With a past infinitely more glorious than it’s present, Mali was the seat of the first emergent African trading empires to straddle the trans-Saharan trade routes, from which the region achieved enormous wealth and influence over the course of many centuries.
The first of these was the Ghana Empire, geographically distinct from the current nation of Ghana, which thrived between the 8th century and the turn of the first millennium. The region then gradually fell under the control of the Berber dominated Almoravids who introduced the first substantial influence of Islam. The region is dominated and defined by the Niger River, the principal West African waterway, around which the Mali Empire later formed. This was followed by the Songhai Empire that governed the region until the growing European influence on the coast, and the bourgeoning tran-Atlantic slave trade, began to supplant and undermine these powerful tradition systems of rule.
The net result of all this is a nation that bridges the Arabic north and the Bantu south, with a deeply layered fusion of both, and overlaid somewhat by the influence of a relatively brief but assertive period of occupation by the French. Although now one of the poorest countries in Africa, it is also an excellent travel destination with a striking diversity of landscapes and cultures, and a lively if somewhat conservative African ambience surrounded by monuments to a diverse and ancient history.
Travel To & Within Mali
Why Travel To Mali
Mali is a ostensibly a French speaking country, and with its long ties to France, is a popular destination for French travellers. It used to be the principal overland route from Europe to West and Central Africa, and to a degree still is, but border insecurity in the north, combined with increasing militancy of the nomad groups of the Sahara, has curtailed much of this traffic.
However there is still much to see in Mali, and although you will be disappointed if you arrive in the country expecting an African experience in the traditional sense of the word, since Mali has almost nothing in the way of preserved wildlife, but is essentially a cultural destination that, if this is your field of interest, could absorb and fascinate you for a lifetime.
In terms of ancient culture Mali has four UNESCO World Heritage Sites, the famous perhaps being the historic city of Djenné, home to the Great Mosque of Djenné, the principal example of local mud brick and adobe architecture which is perhaps the defining image of Mali. This style is replicated all over the country, and has been the subject of a great deal of photographic and archaeological study.
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Other sites include Bandiagara Escarpment, a series of sandstone cliffs with cave dwellings and ancient rupestrian villages not unlike the New Mexican Pueblos, the city of Timbuktu along the Niger River, and the Tomb of Askia in the city of Gao, also along the Niger River.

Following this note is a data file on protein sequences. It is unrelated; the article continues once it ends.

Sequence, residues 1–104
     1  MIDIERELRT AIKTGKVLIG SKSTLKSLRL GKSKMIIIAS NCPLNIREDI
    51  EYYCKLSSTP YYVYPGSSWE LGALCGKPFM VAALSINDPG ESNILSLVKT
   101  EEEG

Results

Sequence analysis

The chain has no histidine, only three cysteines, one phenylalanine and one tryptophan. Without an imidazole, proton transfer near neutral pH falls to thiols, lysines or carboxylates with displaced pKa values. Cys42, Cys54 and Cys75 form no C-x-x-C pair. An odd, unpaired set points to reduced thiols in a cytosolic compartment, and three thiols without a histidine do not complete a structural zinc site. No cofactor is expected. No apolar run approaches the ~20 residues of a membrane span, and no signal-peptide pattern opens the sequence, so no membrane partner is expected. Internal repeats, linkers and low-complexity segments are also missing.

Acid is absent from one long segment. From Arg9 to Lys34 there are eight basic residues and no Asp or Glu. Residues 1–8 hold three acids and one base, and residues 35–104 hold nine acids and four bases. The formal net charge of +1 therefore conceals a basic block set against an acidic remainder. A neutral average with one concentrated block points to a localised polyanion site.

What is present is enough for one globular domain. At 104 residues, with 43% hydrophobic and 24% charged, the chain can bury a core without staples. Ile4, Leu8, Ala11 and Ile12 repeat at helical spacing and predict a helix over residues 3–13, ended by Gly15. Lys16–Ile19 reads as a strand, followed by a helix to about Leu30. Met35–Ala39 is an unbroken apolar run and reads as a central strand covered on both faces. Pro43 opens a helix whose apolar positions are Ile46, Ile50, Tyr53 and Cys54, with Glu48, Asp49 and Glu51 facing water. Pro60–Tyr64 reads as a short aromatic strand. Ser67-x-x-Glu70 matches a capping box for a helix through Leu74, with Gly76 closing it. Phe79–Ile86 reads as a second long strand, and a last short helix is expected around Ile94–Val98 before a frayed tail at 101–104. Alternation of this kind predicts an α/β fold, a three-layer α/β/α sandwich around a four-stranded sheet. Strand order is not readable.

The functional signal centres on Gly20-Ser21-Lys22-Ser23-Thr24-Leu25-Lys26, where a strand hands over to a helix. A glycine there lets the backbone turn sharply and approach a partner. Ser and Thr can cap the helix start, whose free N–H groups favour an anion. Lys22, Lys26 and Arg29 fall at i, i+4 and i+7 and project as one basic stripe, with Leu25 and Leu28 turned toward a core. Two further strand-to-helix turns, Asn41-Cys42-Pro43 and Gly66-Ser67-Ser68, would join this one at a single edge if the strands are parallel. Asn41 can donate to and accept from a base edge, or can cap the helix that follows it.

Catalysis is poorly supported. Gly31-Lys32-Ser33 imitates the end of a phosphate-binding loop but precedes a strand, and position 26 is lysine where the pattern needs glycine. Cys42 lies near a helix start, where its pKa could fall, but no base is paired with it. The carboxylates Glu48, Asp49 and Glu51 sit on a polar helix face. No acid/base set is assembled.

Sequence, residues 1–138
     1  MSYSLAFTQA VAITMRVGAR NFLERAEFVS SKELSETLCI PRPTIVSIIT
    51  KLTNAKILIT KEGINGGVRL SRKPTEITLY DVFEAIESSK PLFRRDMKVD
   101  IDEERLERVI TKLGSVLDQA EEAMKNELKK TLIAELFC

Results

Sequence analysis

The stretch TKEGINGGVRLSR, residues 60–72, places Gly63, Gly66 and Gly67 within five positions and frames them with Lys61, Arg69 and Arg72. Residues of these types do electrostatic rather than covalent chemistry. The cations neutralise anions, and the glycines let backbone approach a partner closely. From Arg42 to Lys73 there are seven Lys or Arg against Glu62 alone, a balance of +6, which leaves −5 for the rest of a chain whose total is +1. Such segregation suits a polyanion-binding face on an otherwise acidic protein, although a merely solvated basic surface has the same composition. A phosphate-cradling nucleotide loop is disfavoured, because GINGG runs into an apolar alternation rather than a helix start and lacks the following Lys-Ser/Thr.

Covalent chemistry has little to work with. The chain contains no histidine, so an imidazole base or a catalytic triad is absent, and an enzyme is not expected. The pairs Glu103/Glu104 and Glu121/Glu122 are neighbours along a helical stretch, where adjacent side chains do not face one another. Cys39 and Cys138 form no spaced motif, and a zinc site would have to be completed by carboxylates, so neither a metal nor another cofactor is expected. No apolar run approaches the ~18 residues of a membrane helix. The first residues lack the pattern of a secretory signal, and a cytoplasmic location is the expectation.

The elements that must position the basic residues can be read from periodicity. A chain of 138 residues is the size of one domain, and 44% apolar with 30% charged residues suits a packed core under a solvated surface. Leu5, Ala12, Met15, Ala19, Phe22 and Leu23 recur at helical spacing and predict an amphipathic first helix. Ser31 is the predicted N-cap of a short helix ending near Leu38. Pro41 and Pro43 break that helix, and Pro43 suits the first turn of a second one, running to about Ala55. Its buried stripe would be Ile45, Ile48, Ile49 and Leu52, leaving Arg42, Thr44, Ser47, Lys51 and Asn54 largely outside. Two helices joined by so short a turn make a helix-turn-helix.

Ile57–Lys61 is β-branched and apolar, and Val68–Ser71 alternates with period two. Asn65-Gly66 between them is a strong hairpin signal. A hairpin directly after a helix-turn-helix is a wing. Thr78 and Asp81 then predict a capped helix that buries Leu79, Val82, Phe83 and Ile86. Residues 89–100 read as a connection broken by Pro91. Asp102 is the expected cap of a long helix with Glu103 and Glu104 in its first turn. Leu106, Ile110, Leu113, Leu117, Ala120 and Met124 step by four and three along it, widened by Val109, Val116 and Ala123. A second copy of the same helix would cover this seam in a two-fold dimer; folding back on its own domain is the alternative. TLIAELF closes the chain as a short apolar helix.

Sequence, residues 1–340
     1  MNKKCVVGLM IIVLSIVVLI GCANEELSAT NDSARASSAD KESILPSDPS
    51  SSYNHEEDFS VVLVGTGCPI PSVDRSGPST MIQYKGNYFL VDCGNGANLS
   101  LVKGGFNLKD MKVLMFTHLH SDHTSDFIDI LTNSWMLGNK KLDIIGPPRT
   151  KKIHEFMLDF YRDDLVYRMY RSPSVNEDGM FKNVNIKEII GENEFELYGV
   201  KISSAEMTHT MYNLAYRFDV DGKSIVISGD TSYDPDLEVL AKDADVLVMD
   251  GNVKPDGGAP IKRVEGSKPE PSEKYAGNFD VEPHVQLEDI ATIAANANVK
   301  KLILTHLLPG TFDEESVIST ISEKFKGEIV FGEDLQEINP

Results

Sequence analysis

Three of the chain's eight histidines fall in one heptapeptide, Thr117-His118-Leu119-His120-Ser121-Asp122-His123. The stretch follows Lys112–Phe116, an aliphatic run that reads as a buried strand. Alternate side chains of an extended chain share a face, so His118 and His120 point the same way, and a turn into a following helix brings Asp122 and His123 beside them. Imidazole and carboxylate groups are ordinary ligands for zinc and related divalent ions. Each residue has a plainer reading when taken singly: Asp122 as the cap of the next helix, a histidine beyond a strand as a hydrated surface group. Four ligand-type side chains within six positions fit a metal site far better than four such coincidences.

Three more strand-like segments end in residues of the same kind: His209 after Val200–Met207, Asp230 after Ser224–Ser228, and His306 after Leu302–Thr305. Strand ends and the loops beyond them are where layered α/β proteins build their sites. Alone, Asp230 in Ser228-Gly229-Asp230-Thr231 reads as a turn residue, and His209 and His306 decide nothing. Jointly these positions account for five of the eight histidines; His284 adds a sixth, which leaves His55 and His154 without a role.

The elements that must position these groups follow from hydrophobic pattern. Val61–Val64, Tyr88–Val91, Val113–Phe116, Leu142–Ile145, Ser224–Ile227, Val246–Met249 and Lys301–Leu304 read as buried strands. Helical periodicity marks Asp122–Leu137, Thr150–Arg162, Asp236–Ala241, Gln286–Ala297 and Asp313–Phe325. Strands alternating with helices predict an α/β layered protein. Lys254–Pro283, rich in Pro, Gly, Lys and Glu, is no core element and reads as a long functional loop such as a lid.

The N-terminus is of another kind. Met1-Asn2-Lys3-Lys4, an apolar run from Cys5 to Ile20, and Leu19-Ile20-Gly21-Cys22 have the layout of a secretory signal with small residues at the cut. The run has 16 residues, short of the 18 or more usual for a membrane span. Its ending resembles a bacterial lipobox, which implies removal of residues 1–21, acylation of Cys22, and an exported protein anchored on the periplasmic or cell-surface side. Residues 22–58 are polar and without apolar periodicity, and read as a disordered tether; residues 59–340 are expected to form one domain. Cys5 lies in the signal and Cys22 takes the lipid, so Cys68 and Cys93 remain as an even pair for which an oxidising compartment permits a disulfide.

A surprising fact is the global popularity and prolificacy of Malian music, with the most famous practitioners being Ali Farka Touré and Salif Keita. The best of Malian musicians live abroad, and mainly in France, but the local scene is diverse and accessible, and definitely something to look for when you arrive in the country.
Besides all this, just the landscape itself, with the influences of desert in the north and the Sahel in the south, and dissected by one of the world’s great waterways, is so diverse, and at times so outlandish, that it rewards just the simple process of travel with no greater end in mind.
When To Visit Mali
If you are a world music junkie, or just a music fan in general, one of the great lesser known music festivals in the Malian Festival in the Desert which takes place near the city of Timbuktu, usually in early January.
January is at the outer limit of the comfortable time to visit Mali, however, after which the summer heat becomes oppressive. The best time to visit is between November and January, before the searing summer and after the rains which run from June to September. There is no time that can be regarded as cool, and the annual Harmattan dust storms can make the period from January to June uncomfortable. These winds blow in off the Sahara and can plunge the entire region into fog of fine, suspended dust.
The busy tourist season is mainly in November.
North of Timbuktu, and anywhere along the lonely road leading north to Algeria, there is the risk of kidnapping and armed banditry. The degree of risk is difficult to determine, but the area is sparsely policed, with banditry, armed extremism and smuggling prevalent along the Niger and Algerian borders.
Elsewhere in the country crime is limited but sensible precautions are advisable.
Malaria is not a particular problem in Mali, but other tropical diseases are common. The incidence of AIDS/HIV infection in the country is low, although it makes sense to avoid any high risk sexual behaviour, which in a conservative country like Mali could be any overt sexual behaviour, although, surprisingly, homosexuality is legal.